• Millions of African Americans with toxocariasis a larval worm infection of the lungs and the brain linked to pulmonary dysfunction and asthma and developmental delays and seizures, respectively
• Millions of African Americans with trichomoniasis linked with HIV/AIDS • Hundreds of thousands of Hispanics with Chagas disease, a debilitating heart condition • Tens of thousands of Hispanic Americans with cysticercosis a parasitic worm infection of the brain. • Widespread arbovirus infections including dengue fever in Texas and Florida.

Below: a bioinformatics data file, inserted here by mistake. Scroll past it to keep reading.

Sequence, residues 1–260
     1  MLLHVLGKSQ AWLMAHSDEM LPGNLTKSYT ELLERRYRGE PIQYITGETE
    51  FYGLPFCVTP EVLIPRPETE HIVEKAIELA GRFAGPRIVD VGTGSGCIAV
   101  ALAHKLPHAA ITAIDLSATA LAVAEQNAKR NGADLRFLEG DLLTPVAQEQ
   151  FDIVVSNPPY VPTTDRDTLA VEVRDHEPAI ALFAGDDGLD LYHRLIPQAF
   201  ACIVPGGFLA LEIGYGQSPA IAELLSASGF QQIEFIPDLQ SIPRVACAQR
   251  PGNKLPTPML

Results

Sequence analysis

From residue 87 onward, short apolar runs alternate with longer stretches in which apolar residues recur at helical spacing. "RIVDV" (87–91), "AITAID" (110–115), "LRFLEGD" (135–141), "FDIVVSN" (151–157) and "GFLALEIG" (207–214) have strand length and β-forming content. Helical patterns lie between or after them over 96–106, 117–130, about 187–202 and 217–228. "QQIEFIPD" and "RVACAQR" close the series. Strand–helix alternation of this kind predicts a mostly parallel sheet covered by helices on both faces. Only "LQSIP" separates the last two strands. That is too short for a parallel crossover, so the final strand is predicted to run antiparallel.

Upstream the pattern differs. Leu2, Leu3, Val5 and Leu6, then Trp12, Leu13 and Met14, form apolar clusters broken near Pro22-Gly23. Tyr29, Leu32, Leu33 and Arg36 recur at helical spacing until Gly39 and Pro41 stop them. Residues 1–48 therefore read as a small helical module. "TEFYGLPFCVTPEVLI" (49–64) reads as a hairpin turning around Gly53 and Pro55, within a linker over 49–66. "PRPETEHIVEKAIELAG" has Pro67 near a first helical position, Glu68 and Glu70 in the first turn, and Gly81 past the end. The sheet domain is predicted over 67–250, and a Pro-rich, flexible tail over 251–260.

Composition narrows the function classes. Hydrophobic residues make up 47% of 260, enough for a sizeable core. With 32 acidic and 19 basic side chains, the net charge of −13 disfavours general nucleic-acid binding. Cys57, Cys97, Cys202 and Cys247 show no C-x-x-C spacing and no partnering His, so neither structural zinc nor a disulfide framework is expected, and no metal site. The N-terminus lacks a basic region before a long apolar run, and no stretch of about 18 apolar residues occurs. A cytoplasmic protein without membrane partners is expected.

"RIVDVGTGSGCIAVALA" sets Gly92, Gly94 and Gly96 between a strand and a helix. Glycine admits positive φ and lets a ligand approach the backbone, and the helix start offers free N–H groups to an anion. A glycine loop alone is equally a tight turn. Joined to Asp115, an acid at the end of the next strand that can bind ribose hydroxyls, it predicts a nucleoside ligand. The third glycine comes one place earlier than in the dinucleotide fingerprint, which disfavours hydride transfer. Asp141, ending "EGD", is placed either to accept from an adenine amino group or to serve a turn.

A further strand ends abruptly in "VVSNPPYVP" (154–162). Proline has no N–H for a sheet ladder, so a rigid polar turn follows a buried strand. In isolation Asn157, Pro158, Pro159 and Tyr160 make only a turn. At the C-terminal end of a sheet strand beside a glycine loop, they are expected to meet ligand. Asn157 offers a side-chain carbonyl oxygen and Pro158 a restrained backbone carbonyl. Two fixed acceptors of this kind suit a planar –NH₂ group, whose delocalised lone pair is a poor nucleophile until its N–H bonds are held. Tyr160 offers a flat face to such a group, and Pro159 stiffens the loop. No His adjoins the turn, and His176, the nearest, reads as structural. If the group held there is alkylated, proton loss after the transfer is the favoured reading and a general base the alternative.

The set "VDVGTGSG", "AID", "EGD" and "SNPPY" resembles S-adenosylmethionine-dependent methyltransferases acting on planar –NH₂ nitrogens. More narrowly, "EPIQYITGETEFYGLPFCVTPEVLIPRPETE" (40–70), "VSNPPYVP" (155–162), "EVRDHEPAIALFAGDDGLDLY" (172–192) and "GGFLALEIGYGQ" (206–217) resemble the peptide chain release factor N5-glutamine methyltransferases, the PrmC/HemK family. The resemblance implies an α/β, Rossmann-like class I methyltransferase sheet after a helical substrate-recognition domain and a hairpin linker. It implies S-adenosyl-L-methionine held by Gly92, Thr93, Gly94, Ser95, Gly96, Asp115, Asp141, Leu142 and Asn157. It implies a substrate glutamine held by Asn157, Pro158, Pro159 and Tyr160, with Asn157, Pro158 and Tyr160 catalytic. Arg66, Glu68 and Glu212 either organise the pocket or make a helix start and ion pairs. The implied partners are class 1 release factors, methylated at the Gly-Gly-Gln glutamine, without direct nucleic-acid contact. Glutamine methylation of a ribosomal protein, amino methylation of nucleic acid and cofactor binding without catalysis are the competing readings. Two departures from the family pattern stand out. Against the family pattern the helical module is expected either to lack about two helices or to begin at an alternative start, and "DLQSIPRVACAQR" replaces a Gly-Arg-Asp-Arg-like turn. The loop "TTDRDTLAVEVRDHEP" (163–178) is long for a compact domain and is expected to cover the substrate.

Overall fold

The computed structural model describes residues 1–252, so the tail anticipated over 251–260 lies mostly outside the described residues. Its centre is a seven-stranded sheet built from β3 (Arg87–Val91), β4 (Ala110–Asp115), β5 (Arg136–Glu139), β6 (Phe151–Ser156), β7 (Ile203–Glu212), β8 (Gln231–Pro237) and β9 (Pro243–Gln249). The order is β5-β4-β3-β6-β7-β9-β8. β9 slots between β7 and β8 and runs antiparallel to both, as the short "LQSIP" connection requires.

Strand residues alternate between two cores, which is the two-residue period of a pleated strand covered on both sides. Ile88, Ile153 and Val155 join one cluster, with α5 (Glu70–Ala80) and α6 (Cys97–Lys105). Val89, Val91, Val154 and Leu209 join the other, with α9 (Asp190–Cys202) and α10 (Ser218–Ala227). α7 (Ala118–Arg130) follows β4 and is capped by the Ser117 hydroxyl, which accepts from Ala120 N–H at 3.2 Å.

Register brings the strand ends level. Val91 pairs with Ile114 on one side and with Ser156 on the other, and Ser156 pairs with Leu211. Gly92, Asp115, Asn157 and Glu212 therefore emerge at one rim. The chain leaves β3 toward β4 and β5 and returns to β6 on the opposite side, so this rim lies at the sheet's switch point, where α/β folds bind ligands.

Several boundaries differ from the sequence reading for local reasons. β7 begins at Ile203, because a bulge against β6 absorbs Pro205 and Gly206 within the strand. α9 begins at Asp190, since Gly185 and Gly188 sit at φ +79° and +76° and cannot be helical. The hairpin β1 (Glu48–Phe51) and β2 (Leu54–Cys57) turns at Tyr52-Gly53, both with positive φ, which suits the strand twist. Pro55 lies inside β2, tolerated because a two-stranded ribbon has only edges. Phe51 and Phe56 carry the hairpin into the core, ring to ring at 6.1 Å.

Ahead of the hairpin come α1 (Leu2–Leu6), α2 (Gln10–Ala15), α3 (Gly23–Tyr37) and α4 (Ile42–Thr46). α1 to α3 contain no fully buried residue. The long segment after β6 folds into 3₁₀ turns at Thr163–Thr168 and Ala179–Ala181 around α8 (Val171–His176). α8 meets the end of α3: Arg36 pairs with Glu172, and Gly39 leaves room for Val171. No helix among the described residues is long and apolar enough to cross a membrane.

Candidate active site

Dr. Hotez emphasized that it’s important to emphasize that these are not rare diseases, and that scientists at the National School of Tropical Medicine are finding that these diseases are widespread in Texas and elsewhere in the American South, and are now investigating the basis for their links to being extremely poor. Of particular interest is their finding that there is actual transmission of many of these NTDs within U.S. borders, making them not a primarily a problem of immigration but rather a problem of extreme poverty, extraordinary magnitude and simultaneous neglect, noting that there is urgent need to expand our local and national surveillance efforts for these diseases and to investigate how these diseases are being transmitted, and to conduct R&D for new tools, i.e., drugs, diagnostics, and vaccines and that greater investment in NTD-related R&D for NTDs both globally and in the U.S. is needed to support the introduction of new technologies (e.g., drugs, vaccines and diagnostics); to ensure the achievement of the goals of disease control and elimination, as noted earlier, and address the urgent needs of particularly neglected patient populations.